Roman Catholic Church

Bishop Gerhard Ludwig Müller with miter , staff , pectoral and ring , 2006
Coat of arms of a Roman Catholic bishop, recognizable by the green bishop's
hat ( galero ) with twelve tassels (fiocchi) hanging down on the side and the episcopal cross erected behind the coat of arms

The episcopate is the highest level of the sacrament of consecration . A Roman Catholic bishop is always male and must first be ordained a deacon and then a priest . The ordination as bishop takes place by another bishop (the main consecrator principalis ), usually with two other assisting bishops, the so-called co- consecrators ( Episcopi consecrantes ). Consecration is only allowed if the Pope has previously allowed it. The corresponding decree is read out in the ordination liturgy.

Local bishops (diocesan bishops) are appointed directly by the Pope, depending on the diocese, or are elected by various electoral bodies (usually cathedral chapters ) in various local procedures. The election is considered legal if it is confirmed by the Pope. The prerequisite for taking office is the episcopal ordination, which is donated to the appointee - if he is not yet bishop.

The bishops are subject to the pope's primacy of jurisdiction . This includes:

  • the appointment as (consecrated) bishop
  • the appointment and dismissal of a local bishop of a diocese
  • the decision in criminal matters (canon law)

According to Catholic doctrine, the power of teaching and leadership that Jesus gave to the twelve apostles continues in the bishops . In an uninterrupted "series of laying on of hands " ( apostolic succession ) all today's bishops are connected with the apostles. Thus the office of bishop is part of divine right . The supreme service of unity falls to the Bishop of Rome .

According to tradition and tradition of the Catholic Church, the apostle Peter was the first bishop of the city of Rome; on this rests the primacy of his successor on the chair of Peter . The Roman Curia and the Rota Romana as the spiritual jurisdiction of the bishops are available to support the Pope in his tasks . The following applies to the Pope: it is true that any male Catholic who is able and willing to take office can be elected Bishop of Rome; but if the elected is not a bishop, the necessary ordinations will be given to him in the conclave . In practice this has no meaning, since since the election of Urban VI. In 1378 all the Popes came from the College of Cardinals. As the last Pope who was cardinal but not bishop at his election , Gregory XVI. Elected to this office in 1831.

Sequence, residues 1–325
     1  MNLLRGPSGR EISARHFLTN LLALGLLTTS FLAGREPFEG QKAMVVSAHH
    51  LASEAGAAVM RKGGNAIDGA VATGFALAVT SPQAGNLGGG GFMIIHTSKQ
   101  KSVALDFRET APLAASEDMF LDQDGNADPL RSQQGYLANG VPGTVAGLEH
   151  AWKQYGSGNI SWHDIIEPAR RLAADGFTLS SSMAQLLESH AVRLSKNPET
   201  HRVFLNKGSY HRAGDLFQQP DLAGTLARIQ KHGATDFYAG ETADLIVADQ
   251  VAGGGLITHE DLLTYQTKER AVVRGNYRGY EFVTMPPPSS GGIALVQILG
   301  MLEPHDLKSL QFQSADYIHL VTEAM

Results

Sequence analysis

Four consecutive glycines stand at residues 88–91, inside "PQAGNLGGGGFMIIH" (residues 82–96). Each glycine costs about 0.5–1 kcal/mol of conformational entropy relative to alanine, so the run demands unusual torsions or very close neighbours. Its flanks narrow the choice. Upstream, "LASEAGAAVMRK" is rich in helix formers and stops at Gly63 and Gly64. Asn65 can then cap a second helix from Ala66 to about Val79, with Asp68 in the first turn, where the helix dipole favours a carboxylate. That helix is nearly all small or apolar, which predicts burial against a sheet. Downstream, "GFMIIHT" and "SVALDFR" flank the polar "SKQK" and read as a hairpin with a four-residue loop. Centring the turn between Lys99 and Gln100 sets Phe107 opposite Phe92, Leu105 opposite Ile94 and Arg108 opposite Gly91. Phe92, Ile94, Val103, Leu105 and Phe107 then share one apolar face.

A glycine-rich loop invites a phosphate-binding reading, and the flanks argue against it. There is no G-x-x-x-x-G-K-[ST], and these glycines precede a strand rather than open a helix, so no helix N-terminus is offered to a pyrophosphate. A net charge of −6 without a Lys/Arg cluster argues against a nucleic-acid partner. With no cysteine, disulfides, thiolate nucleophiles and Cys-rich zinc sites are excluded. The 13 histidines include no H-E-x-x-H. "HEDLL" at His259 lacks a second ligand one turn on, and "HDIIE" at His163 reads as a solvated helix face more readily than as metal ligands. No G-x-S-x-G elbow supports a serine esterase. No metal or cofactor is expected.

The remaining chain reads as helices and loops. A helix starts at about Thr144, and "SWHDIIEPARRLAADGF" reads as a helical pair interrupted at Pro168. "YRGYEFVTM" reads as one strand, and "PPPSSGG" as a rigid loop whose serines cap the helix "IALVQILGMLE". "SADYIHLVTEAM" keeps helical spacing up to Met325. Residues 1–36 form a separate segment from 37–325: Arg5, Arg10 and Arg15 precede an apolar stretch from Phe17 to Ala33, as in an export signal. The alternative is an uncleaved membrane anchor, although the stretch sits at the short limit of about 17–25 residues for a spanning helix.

In 2016 there were 5,237 bishops worldwide.


A bishop is either a diocesan bishop (also called a resident bishop or local bishop) or a titular bishop . Auxiliary bishops are always assigned to titular bishops and a diocesan bishop to assist in the episcopal functions. The diocesan bishop is the head of his diocese (diocese) and has full authority over it (supreme teaching and legal authority). He is solely responsible to the Pope . Several clerics are at the side of the bishop for the administration of the diocese and form the episcopal curia with him; among others the vicar general (the general and permanent representative of the bishop), the official (holder of the ordinary judicial authority) and the chancellor (head of the episcopal registry). Priestly and lay bodies have advisory functions. Bishops consult across diocesan borders in the mostly national bishops' conference . If necessary, a bishop can also convene a diocesan synod for his diocese .

The diocesan bishop can be supported by auxiliary bishops, who usually each oversee part of the diocese on behalf of the diocesan bishop. Other auxiliary bishops have special pastoral duties or are part of the episcopal curia. In the German-speaking area, also for historical reasons, almost all dioceses usually have several auxiliary bishops, which is not the case elsewhere.

A metropolitan or archbishop is the head of an ecclesiastical province that consists of several dioceses, the suffragan dioceses . The metropolitan is the diocesan bishop within the ecclesiastical province. However, he does not have any power to manage the suffragan bishops.

The term archbishop was originally synonymous with that of the metropolitan. The titular bishops of former archbishopric who have no jurisdiction are also referred to as archbishop. From there, the term archbishop has now established itself as a kind of rank; all canonical functions of the Metropolitan are only listed under the latter title in canon law. Senior curial bishops and all nuncios are appointed titular archbishops. Individual exemte and suffragan dioceses have received the honorary rank of archdiocese (e.g. Strasbourg ), and individual bishops of other dioceses also receive the honorary title of archbishop (e.g. Josef Stimpfle ). Two things in particular can be observed as common practice: Archbishops of the Curia who are transferred to a simple bishopric always keep their title (e.g. Johannes Dyba ). And if the circumscription changes, the metropolitan seats are canceled or moved, but the degraded dioceses are invariably compensated by the fact that they remain in the rank of an archdiocese (e.g. Aix et Arles ). Nevertheless, the terms archbishop and metropolitan, at least in Germany, are still commonly used as synonyms. Against this background, it is to be seen as a curiosity that the archbishops of Udine and Izmir are listed as "Metropolitans without suffragans". Nevertheless, archbishops without a metropolitan seat are still the exception both in principle and in numbers.

Some Roman Catholic bishops bear the honorary title of patriarch (Venice, Lisbon, East India), others are patriarchs in the sense of a separate jurisdiction over their patriarchy ( Uniate Eastern Churches and Jerusalem ), combined with special privileges. Until 2005, the title "Patriarch of the West" (also "Patriarch of the West") was one of the Pope's titles and identified the Pope as a patriarch with jurisdiction over the Western Church .